The world economy’s shortage problem

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The Economist

Scarcity has replaced gluts as the biggest impediment to global growth

For a decade after the financial crisis the world economy’s problem was a lack of spending. Worried households paid down their debts, governments imposed austerity and wary firms held back investment, especially in physical capacity, while hiring from a seemingly infinite pool of workers. Now spending has come roaring back, as governments have stimulated the economy and consumers let rip. The surge in demand is so powerful that supply is struggling to keep up. Lorry drivers are getting signing bonuses, an armada of container ships is anchored off California waiting for ports to clear and energy prices are spiraling upwards. As rising inflation spooks investors, the gluts of the 2010s have given way to a shortage economy.

The immediate cause is covid-19. Some $10.4trn of global stimulus has unleashed a furious but lopsided rebound in which consumers are spending more on goods than normal, stretching global supply chains that have been starved of investment. Demand for electronic goods has boomed during the pandemic but a shortage of the microchips inside them has struck industrial production in some exporting economies, such as Taiwan. The spread of the Delta variant has shut down clothing factories in parts of Asia. In the rich world migration is down, stimulus has filled bank accounts and not enough workers fancy shifting from out-of-favour jobs like selling sandwiches in cities to in-demand ones such as warehousing. From Brooklyn to Brisbane, employers are in a mad scramble for extra hands.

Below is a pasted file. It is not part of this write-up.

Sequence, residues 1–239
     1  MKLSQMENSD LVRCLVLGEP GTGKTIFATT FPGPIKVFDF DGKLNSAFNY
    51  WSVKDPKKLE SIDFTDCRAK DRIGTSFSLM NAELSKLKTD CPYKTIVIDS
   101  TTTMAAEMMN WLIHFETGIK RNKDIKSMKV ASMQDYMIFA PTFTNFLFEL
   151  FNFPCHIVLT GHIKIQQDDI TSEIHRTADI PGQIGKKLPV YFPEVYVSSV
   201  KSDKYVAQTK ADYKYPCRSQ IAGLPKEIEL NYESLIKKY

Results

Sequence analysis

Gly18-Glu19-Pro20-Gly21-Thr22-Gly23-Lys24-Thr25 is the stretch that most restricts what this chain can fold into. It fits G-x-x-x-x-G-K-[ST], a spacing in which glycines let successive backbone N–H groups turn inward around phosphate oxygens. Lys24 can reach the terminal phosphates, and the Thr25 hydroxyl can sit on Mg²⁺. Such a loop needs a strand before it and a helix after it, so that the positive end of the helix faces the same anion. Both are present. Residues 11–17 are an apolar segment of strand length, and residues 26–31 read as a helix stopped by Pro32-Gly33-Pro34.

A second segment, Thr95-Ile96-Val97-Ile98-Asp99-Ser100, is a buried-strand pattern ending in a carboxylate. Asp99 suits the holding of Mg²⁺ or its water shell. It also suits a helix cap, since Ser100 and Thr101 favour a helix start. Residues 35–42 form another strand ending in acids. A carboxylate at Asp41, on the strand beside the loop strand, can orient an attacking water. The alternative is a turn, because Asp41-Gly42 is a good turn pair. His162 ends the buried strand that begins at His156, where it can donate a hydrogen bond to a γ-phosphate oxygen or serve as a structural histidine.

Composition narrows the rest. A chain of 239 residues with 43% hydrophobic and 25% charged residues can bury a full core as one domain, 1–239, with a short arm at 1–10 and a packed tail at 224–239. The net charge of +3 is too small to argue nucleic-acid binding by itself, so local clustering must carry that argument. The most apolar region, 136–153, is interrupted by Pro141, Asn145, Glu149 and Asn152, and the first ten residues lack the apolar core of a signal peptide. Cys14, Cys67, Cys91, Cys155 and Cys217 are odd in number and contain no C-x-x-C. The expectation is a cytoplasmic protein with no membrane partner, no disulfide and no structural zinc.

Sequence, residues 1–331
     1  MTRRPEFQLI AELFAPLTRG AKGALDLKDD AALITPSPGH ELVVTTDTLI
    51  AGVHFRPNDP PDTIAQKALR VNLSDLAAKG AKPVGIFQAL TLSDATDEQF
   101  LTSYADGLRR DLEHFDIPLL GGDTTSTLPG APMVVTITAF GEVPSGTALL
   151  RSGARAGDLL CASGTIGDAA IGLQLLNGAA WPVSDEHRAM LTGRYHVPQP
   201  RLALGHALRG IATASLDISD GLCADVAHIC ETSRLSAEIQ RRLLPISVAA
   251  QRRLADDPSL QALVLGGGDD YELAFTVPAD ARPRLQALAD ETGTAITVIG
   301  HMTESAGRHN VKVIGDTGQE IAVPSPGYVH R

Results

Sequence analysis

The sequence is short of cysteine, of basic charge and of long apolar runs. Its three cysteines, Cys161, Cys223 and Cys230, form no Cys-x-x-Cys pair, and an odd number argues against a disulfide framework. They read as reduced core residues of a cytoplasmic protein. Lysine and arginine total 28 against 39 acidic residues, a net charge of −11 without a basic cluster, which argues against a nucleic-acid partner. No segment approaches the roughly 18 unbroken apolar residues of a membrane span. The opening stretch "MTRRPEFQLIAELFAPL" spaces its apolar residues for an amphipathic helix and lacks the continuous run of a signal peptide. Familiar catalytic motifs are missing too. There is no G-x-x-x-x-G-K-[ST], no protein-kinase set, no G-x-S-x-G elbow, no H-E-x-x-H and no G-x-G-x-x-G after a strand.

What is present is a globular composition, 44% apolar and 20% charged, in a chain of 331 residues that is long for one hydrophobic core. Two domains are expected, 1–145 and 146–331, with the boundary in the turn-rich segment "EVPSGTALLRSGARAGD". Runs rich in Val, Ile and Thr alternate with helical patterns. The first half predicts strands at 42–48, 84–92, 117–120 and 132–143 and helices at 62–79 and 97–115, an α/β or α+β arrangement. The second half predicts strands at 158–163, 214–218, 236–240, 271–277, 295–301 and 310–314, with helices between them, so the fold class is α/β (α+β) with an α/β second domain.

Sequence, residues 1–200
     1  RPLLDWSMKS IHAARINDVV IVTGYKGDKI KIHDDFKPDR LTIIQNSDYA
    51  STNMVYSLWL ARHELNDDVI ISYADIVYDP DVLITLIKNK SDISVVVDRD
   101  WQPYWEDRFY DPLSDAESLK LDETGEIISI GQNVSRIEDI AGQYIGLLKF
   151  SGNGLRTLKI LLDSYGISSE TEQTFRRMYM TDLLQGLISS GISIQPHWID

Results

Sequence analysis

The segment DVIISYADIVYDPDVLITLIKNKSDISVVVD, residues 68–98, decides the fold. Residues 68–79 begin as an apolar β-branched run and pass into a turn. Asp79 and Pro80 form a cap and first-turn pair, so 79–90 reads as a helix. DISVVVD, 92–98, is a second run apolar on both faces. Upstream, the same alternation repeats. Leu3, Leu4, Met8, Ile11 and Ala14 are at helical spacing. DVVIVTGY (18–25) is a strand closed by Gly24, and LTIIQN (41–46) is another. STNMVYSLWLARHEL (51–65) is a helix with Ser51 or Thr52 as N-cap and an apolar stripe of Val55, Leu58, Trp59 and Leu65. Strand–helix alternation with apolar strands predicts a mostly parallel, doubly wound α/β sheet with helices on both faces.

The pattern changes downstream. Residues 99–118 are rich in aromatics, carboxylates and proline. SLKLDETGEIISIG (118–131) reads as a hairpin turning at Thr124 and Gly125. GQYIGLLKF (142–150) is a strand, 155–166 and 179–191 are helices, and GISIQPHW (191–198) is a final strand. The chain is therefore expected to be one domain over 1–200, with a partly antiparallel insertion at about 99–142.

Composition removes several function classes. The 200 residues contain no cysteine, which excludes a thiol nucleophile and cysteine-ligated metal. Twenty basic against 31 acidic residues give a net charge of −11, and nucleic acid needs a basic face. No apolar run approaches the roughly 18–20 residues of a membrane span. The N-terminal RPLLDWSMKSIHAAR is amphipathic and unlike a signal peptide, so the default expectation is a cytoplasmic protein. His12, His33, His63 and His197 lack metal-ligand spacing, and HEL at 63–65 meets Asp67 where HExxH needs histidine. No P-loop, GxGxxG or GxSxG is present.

Yet the shortage economy is also the product of two deeper forces. First, decarbonisation. The switch from coal to renewable energy has left Europe, and especially Britain, vulnerable to a natural-gas supply panic that at one point this week had sent spot prices up by over 60%. A rising carbon price in the European Union’s emissions-trading scheme has made it hard to switch to other dirty forms of energy. Swathes of China have faced power cuts as some of its provinces scramble to meet strict environmental targets. High prices for shipping and tech components are now triggering increased capital expenditure to expand capacity. But when the world is trying to wean itself off dirty forms of energy, the incentive to make long-lived investments in the fossil-fuel industry is weak.

The second force is protectionism. As our special report explains, trade policy is no longer written with economic efficiency in mind, but in the pursuit of an array of goals, from imposing labour and environmental standards abroad to punishing geopolitical opponents.

By Gina Moralez

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